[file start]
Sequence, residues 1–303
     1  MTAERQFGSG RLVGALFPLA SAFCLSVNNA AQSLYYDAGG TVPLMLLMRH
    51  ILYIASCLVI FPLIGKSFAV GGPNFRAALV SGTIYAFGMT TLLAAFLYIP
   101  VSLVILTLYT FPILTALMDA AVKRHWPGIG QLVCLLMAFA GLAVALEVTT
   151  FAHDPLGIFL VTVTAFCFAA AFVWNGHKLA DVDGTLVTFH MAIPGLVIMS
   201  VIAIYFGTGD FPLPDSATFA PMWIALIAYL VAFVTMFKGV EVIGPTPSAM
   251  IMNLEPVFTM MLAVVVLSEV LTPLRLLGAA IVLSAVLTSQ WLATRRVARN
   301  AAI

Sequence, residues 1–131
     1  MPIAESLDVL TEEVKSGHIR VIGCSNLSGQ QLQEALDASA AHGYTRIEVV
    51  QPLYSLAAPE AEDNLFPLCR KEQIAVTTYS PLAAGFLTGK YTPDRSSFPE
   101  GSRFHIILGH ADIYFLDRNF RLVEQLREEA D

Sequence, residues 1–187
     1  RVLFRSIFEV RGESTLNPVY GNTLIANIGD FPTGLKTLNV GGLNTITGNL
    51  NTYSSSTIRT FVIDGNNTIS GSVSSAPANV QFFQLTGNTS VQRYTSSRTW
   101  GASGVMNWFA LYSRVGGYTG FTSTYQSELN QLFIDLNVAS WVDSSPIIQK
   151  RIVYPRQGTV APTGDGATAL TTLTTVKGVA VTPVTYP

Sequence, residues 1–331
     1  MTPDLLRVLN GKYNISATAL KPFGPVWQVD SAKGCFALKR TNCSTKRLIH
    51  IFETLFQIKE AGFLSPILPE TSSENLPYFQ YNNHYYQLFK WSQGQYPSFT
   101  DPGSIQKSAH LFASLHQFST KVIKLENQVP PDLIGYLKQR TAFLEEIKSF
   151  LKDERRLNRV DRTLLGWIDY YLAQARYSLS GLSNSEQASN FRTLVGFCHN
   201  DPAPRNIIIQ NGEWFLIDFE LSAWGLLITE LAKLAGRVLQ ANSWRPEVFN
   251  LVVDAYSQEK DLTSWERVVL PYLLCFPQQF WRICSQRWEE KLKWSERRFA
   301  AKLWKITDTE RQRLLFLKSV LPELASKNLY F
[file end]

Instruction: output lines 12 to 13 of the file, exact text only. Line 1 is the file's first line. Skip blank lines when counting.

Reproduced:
   101  GSRFHIILGH ADIYFLDRNF RLVEQLREEA D

Sequence, residues 1–187